WOU alumna, Representative Betty Komp, did not start college right after high school. At age 18 she got married and started a family. Seventeen years later she was raising four kids on her own and wanted a life change. It was time to go to college. Komp knew she wanted to be an educator and debated between attending WOU or Portland State University. “I’d always been fond of Western. It’s more my style than the big city.” She was drawn to WOU’s renowned education program, but ultimately it was a fiscal decision that had her select the Wolves. Komp compared the parking costs between PSU and WOU and liked that she could park for free on Monmouth’s city streets.
The intimate campus setting suited her style with all her classes in a three block radius. She felt right at home, but the transition was hard. She transferred from Chemeketa during winter term, a time of the year when events aiding the college transition were sparse. She also didn’t know the professors well enough to know whom to choose for an advisor.
Komp got to know her professors through the classes she took and one stood out among the rest: Dr. Gerald Girod. She recalled an example of how Girod went above and beyond to help his students. Education majors were required to pass the CBEST test before they could become a teacher. As a tutor in the Writing Center, Komp worked with a student who wanted to teach elementary students, but he had already failed the CBEST three times due to issues with the writing portion. “I knew he’d make a great teacher, but he just couldn’t put his words on paper to pass this test,” she said.
She talked to Girod and suggested the student may have accessibility issues. Girod got a modification for the student to have a qualified person help type his words as he took the test. He passed the test on his fourth try. “That experience told me how incredible the teachers at WOU could be. That young man would not be a teacher today without Dr. Girod.”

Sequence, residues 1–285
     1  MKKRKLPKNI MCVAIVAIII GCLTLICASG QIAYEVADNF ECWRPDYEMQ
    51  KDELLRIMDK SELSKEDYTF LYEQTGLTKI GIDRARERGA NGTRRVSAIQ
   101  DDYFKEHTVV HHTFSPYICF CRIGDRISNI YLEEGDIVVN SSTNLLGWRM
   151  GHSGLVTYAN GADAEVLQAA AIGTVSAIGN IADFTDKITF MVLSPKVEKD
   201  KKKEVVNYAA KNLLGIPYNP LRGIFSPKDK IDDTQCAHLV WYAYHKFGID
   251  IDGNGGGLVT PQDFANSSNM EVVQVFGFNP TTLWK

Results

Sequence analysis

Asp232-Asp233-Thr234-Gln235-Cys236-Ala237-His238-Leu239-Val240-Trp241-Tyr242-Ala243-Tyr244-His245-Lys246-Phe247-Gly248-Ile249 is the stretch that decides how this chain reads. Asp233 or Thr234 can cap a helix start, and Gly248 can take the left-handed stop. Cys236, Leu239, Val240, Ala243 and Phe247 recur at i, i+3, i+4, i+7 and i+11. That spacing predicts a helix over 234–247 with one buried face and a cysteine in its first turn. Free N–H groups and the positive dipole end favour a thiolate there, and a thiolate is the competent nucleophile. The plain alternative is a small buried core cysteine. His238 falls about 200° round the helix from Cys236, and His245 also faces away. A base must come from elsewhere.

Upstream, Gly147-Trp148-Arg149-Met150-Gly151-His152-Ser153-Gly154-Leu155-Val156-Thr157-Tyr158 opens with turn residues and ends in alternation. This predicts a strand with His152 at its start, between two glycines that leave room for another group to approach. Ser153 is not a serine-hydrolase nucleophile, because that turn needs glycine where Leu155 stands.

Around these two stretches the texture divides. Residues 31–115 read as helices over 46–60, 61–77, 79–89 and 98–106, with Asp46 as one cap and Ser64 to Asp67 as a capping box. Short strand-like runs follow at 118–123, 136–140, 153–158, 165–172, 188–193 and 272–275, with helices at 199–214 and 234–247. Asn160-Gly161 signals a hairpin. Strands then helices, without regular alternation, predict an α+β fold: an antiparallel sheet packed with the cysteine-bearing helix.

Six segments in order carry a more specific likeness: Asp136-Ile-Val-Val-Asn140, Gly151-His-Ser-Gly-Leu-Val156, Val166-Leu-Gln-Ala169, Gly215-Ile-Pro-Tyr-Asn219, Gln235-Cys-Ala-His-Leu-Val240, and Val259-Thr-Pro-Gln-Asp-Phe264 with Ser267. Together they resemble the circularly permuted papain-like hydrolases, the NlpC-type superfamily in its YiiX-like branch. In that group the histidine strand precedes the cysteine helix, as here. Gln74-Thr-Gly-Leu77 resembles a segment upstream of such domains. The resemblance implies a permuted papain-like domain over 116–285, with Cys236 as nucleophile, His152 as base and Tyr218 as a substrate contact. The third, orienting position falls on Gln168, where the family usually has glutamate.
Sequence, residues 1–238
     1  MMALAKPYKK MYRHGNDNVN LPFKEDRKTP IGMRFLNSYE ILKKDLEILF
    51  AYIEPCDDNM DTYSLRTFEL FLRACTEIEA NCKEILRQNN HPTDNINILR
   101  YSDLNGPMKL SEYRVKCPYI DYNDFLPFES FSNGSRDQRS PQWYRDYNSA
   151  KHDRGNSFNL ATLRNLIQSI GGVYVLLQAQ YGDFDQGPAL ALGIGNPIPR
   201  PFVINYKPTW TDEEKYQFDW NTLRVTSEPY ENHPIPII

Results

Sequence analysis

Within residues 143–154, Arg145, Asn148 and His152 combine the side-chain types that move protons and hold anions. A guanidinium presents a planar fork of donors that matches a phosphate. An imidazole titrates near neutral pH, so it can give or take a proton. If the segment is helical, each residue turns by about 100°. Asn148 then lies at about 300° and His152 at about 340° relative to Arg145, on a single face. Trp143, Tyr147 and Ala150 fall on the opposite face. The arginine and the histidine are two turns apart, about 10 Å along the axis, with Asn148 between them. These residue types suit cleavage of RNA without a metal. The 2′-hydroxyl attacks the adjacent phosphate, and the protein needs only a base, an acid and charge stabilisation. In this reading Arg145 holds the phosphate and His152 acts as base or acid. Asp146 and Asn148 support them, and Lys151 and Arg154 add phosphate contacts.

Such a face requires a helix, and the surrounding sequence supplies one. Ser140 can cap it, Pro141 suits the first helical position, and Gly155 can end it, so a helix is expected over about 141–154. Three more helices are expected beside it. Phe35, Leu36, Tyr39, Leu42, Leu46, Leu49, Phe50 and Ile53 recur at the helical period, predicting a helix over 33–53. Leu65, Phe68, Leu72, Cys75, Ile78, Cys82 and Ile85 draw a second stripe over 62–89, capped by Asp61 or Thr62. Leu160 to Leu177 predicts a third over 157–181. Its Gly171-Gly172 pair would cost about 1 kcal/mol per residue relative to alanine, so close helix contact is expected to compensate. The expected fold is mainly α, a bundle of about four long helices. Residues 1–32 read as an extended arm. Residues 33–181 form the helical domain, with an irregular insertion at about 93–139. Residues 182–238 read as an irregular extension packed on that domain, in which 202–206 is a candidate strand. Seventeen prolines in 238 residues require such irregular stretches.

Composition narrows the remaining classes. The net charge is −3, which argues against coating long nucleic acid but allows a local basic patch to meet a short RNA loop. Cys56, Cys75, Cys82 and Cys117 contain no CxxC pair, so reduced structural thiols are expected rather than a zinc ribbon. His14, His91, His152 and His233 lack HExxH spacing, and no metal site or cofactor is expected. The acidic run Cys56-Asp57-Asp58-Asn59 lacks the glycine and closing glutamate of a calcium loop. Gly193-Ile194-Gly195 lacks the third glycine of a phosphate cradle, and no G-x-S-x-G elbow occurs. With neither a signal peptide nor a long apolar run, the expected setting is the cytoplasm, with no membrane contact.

During a summer class, Komp experienced the quality teaching of another professor. He asked her to stay after class one afternoon. “He sat me down and said, ‘Betty, if you say one more negative thing about yourself or put yourself down you will be kicked out of this class.’”
It was an aha moment for her because she hadn’t realized she’d been jokingly saying negative things about herself. “He saw them as unhelpful to my own growth. His words gave me the opportunity to reflect and reassess my behaviors.”
After graduation she worked as a substitute and eventually hired as a resource teacher at Woodburn High School. Komp taught for nearly four years then earned a master’s to become an education administrator. Seeing increasing federal mandates under No Child Left Behind, she got frustrated as a principal of a school with a highly diverse, low economic student population.
“My dad always told me don’t whine about it, do something about it. So I decided I’d run for office.” Komp will retire this year, and has been an Oregon State Representative for 12 years. “I’m really proud of the fact that I’ve been able to work with a team of people to really look at how we need to help all students graduate,” she said. Komp spent her legislative career working for positive change in Oregon education.